There are numerous trails up from Tanah Rata and Brinchang and until recently these were well signposted with the series of yellow ‘jungle trail’ signs. Whoever made them and the accompanying map deserves a great deal of thanks and ought to be invited to continue their work on a larger scale here. Unfortunately, these old yellow signs encouraging access to the mountains here have been left to decay by the authorities and in 2023 could be described as having ‘competition’ in the form of red signs from Pahang Forestry stating ‘no entry / dilarang masuk’. It is very confusing for foreign visitors to encounter one sign encouraging access next to another sign flatly denying it along with threats of prison time and immense fines if you enter without a permit. Thankfully in 2023 it is still fairly simple to obtain a permit on the day of your hike from the local Cameron Highlands forestry office for just RM10 per person which basically grants you permission to ignore the unpleasant red signs and threats of jail time and or huge fines for having the audacity to consider going for a walk without dealing with the admin. You just need to give your name and passport number and your ticket should be available within minutes. If only this were the case for Gunung Irau.

Gunung Berembun has a prominence of only around 230 metres but do not underestimate what can be challenging and occasionally difficult-to navigate terrain depending on the route you use due to the poorly-maintained junction signs. Trail 2 is one of the more challenging with a series of ups and downs near the start beyond the temple before meeting up with Trail 3 from the golf course area which is a simpler route.

The summit features a metal beirut as is common in this part of Malaysia and in clear weather some reasonable views are possible.

Trail Map

Peta Jalur Pendakian Gunung Irau
For a high quality PDF version of this and other trail maps, please download from our Trail Maps page.

Local Accommodation

Featured Guides

If you are a reliable local guide and would like to be featured on this page to increase your bookings, or a tourist who would like to support the development of a local guide business, please email with the following information: Mountain name, guide name, guide location, guide contact details, and at least one English language review from a previous hiker who was pleased with the guiding services. An example is given below for reference. We have a maximum quota of 3 featured guides for each mountain page on the site. The fee for this is £20 (British pounds sterling, typically via the Wise app or PayPal) for a period of 1 year and helps to pay towards the ongoing development of the Gunung Bagging project.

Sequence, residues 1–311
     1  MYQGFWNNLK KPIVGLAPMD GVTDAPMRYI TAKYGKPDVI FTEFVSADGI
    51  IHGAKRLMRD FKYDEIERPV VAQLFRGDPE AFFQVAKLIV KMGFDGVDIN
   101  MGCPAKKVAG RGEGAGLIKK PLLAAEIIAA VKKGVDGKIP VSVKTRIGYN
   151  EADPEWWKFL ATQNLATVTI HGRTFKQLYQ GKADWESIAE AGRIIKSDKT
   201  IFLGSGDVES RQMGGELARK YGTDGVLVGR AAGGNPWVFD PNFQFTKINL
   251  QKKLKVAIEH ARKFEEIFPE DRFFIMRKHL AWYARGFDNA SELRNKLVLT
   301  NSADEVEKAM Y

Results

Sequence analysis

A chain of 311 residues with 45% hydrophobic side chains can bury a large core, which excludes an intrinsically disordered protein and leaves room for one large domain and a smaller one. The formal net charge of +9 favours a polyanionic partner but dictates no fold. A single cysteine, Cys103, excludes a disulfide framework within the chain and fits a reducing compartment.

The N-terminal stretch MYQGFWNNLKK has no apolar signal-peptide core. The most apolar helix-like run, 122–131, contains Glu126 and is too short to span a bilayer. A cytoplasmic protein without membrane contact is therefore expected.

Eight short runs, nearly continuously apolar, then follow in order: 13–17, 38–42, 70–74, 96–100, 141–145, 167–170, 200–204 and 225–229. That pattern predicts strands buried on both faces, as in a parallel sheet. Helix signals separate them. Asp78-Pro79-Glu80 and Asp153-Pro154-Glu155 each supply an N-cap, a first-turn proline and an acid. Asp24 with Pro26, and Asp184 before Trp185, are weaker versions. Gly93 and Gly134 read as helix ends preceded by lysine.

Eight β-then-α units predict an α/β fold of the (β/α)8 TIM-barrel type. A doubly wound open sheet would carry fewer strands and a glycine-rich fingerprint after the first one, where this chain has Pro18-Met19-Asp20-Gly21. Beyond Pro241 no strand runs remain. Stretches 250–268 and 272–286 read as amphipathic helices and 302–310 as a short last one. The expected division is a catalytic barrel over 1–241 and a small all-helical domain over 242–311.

• Name and location: Pak Budi, Surabaya, East Java.
  • Contact details: +62812xxxxxxxx,, 
  • Review from previous client: “Budi was a brilliant guide for our September 2023 trek up Gunung X and I would definitely recommend him to other tourists“, John, USA.


  • Getting there: Lots of buses from KL to Cameron Highlands from both KL Sentral and Terminal Bersepadu Selatan (RM35 one way in 2018, allow 4 hours). Ipoh is the closest train station and also has bus connections (around 2 hours). 
  • Guides and GPS Tracks: Want a PDF version for your phone? Looking for a guide? Need GPS tracks and waypoints? Gunung Irau information pack can be downloaded here.
  • Trip planning assistance: Would you like Gunung Bagging to personally help you in arranging your whole trip? Please contact us here.
  • Permits: Apparently, since March 2019 it costs foreigners RM30 per person to enter the Mossy Forest. You are supposed to get a permit from the forestry department if you wish to hike from Brinchang to Irau but in reality very few hikers do. Along with the Mossy Forest itself, Irau is usually closed November-January. You can register and pay for an e-Permit online for the hike to Irau from the Forestry Department of Malaysia website.
  • Water sources: Available at Kem Bear (1,580m). Note there is NO shop at the Mossy Forest.

Local Average Monthly Rainfall
Average precipitation (rain/snow) in Gua Musang, Malaysia


6 thoughts on “Irau (Malaysia)”

  1. In his 1988 book “Mountains of Malaysia”, John Briggs writes that “Cameron Highlands was not reached by outsiders until 1908. In that year, H.C. Robinson and C. Boden Kloss set off north from Ringlet to climb Gunung Irau to the north. They climbed up 300 metres, over the present-day Robinson Falls, to Tanah Rata… and finally reached Gunung Berinchang 2 kilometres short of their target… on a spur of the mountain, Robinson’s men built a ladder up the side of a huge tree… From this vantage point they could see a panorama of the plateau land and the central mountains…. today, Cameron Highlands is the Peninsula’s largest hill station…. The Highlands supply a large amount of fruit and vegetables to lowland markets and Singapore”.